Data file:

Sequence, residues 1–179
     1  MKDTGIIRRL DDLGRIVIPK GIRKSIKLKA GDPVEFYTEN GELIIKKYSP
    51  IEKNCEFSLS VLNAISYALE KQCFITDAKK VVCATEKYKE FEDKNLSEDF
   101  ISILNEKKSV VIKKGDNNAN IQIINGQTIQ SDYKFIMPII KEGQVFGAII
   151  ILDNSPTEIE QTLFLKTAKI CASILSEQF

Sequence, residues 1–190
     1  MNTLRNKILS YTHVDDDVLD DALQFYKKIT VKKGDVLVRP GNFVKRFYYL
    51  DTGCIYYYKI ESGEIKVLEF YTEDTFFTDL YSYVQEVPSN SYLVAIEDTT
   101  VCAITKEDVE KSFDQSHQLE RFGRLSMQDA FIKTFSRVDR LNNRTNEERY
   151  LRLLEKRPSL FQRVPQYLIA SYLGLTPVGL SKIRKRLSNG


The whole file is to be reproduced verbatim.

Sequence, residues 1–179
     1  MKDTGIIRRL DDLGRIVIPK GIRKSIKLKA GDPVEFYTEN GELIIKKYSP
    51  IEKNCEFSLS VLNAISYALE KQCFITDAKK VVCATEKYKE FEDKNLSEDF
   101  ISILNEKKSV VIKKGDNNAN IQIINGQTIQ SDYKFIMPII KEGQVFGAII
   151  ILDNSPTEIE QTLFLKTAKI CASILSEQF

Sequence, residues 1–190
     1  MNTLRNKILS YTHVDDDVLD DALQFYKKIT VKKGDVLVRP GNFVKRFYYL
    51  DTGCIYYYKI ESGEIKVLEF YTEDTFFTDL YSYVQEVPSN SYLVAIEDTT
   101  VCAITKEDVE KSFDQSHQLE RFGRLSMQDA FIKTFSRVDR LNNRTNEERY
   151  LRLLEKRPSL FQRVPQYLIA SYLGLTPVGL SKIRKRLSNG